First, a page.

(From cerebrum, and a tumour). See Hernia cerebri.
(From and wax). Bits of found in plasters as they cool.
(From and See Scarificatio.
(From and the hand). This word imports the manual treatment of any subject, and is a part of the title of one of Galen's works on dissection.
(From and signifying both a grain and a cartilage,) granulated and cartilaginous.
(From and a region, or country). See Endemius.
(From to anoint). Liniments to anoint any part.
(From and juice). See
(From to infuse). Infusion, or a sanguine plethora.
(From to pour into). Liquid medicines to be poured into the eyes or ears.
(From the same). In the writings of the ancient physicians it implies that sudden effusion of blood into the cutaneous vessels which arises from joy, anger, or shame, and, in the last instance, is usually called blushing. Dr. Hunter thinks it a nervous affection; but Dr. Whytt, with more propriety, ascribes it to the increased action of the smaller vessels, which has been attributed to a nervous connection, but which we suspect, though less obvious, is very general, over the whole surface.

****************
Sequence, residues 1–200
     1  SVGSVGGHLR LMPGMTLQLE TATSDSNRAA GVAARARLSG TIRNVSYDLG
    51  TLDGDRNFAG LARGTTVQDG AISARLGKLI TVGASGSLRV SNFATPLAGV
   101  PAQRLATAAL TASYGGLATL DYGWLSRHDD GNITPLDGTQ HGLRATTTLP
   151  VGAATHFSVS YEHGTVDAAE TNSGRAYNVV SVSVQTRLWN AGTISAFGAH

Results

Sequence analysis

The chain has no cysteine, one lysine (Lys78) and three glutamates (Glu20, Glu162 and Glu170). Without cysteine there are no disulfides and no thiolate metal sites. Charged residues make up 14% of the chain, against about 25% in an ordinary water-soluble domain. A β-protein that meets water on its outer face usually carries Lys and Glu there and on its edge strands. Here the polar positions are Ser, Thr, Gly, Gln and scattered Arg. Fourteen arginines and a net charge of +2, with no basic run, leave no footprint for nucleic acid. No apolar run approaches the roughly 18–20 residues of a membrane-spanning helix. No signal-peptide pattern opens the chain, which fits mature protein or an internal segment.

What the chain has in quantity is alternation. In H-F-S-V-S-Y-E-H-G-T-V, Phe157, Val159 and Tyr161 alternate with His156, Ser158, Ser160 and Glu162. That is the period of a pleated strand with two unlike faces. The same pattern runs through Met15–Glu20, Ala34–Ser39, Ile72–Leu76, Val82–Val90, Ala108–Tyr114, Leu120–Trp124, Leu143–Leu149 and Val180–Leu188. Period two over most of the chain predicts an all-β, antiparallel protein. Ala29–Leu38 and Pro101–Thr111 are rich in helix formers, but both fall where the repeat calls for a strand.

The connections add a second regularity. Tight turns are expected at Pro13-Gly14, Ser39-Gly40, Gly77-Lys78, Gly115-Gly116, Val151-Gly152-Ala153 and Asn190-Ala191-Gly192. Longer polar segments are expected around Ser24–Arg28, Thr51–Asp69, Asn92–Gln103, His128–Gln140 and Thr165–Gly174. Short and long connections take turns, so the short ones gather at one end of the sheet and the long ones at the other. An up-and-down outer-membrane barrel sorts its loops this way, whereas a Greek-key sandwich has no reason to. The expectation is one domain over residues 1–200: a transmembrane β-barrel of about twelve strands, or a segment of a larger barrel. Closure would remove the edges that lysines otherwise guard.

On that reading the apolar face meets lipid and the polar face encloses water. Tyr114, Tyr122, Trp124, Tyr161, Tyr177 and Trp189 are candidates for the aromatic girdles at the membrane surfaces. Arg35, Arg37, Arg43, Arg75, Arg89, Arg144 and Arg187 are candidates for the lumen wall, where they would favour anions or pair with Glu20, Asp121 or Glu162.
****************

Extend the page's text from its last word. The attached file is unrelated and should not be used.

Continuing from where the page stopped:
(From the same). An extravasa-4 I tion of blood, which makes the part appear livid; sometimes synonymous with ecchymosis.
(From to infuse). An epithet for a fluid injected into any cavity of the body.
(From and to clean). See
(From and the belly,) the contents of the abdomen.